With so much in the press about hacking, if you do fall victim to a Cyber attack how do you know if you've been 'hacked' and how can you protect yourself?
Many years ago, hacking and cybercrime was often the work of skilled individuals - typically programmers and software engineers working in their own time to create the tools they needed to breach security systems.
While these attacks were often successful due to the lack of public awareness about cybercrime, they were limited in scale due being perpetrated by individuals or small groups. Today, headlines around the world have drawn attention to the fact that cyber attacks have grown in their size and scope, with thousands of private users and businesses being targeted every day by criminals attempting to disrupt services and steal data.
Managing incident response is an important task for any IT or security manager, making a plan of action for staff to follow in the event of cyber attacks or security breaches and using the tools at your disposal to mitigate any risks. To assist with this sort of planning, two main approaches and technologies have emerged - autonomous incident response and security orchestration.
Once again, cyber security is front-page news. Dubbed WannaCry, the ransomware attack unleashed earlier this month has affected an estimated 200,000 (and counting) computers across the globe. The NHS, Scottish Power, Renault, O2 and the China National Petroleum Corporation are just a handful of the organisations affected.
Significant though the attack was, it wasn’t exactly surprising - and nor should it be thought of as a once-in-a-blue-moon event.
Cyber-breaches, hacking, and other online attacks on our technology and IT systems is a part of everyday life. Barely a day goes by without report of an organisation, corporation, or institution being brought to its knees by a malicious attack. And when it has impact on those institutions that ‘really’ matter to us, as we’ve seen with the NHS ransomware attacks, we all sit up, take notice, and ponder just how safe we all are, when operating in an online environment.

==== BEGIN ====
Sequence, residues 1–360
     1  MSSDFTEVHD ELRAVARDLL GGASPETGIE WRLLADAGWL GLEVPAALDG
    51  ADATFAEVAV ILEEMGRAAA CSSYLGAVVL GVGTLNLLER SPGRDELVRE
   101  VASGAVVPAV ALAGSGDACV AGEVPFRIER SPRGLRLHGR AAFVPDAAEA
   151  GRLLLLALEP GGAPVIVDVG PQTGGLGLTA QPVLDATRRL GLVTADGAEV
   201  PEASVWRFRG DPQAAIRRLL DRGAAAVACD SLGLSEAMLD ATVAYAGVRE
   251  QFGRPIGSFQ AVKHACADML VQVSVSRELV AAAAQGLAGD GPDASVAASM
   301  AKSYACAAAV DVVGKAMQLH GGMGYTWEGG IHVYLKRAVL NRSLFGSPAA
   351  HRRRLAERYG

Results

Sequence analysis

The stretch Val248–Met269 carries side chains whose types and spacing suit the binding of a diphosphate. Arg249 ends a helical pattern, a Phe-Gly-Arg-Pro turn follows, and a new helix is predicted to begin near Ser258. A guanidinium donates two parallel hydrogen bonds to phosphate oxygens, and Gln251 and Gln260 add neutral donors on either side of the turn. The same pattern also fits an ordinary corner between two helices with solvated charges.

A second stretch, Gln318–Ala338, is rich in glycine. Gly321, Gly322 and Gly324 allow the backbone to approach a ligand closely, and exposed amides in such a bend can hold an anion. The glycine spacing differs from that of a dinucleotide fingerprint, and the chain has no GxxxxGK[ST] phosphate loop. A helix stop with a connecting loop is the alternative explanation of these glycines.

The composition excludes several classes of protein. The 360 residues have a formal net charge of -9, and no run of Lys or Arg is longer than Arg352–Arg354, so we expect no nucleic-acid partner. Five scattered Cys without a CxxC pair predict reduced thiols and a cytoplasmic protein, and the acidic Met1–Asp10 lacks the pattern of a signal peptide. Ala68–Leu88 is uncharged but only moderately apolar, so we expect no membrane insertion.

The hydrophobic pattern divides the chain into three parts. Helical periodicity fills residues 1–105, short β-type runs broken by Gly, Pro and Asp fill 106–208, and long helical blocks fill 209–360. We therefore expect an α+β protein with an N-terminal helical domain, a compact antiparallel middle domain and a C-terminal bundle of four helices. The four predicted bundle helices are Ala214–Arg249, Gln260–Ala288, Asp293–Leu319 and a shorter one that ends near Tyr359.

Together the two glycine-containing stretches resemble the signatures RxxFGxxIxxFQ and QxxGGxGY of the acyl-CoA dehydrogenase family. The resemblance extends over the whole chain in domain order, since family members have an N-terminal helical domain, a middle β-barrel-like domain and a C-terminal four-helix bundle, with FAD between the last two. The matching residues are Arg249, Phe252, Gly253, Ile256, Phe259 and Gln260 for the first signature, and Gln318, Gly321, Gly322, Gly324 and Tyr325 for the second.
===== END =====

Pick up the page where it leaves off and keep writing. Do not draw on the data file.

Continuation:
Cyber-threats are one of the great risks to businesses of all sizes, across all locations. And this risk is going to increase ever more so as we head into the heart of 2017. Indeed, along with the uncertainty over Brexit, cyber-crime is seen as one of THE biggest threats facing UK business this year.
And yet, despite both recognition that the risk is real, the recent high profile attacks at Tesco Bank, Yahoo and others suggest that too many business leaders are not giving the threat the serious levels of consideration that it warrants. As perhaps highlighted by the fact that almost three-quarters of SME leaders admitted that they had no adequate cover in place to protect against a breach of their system.
If you’re not already aware, then CryptoLocker is a particularly nasty piece of malware with the potential to cause major disruption and heavy costs to your business.
Email is a point of vulnerability for an IT network. A primary method for attacking. Phishing and spear-phishing messages designed to catch the user off-guard and deliver routes into the system for hackers, malicious files, and ransomware. All designed to create havoc, harm and untold cost to your organisation.
It might be one of the older forms of cyber-threat, but Phishing is on the increase. The first quarter of the year saw a rise in excess of 200% from the tail-end of the previous year. With cyber-security specialists Mimecast reporting that phishing accounts for 90% of all hacking attacks. It's an alarming rise and cause for concern.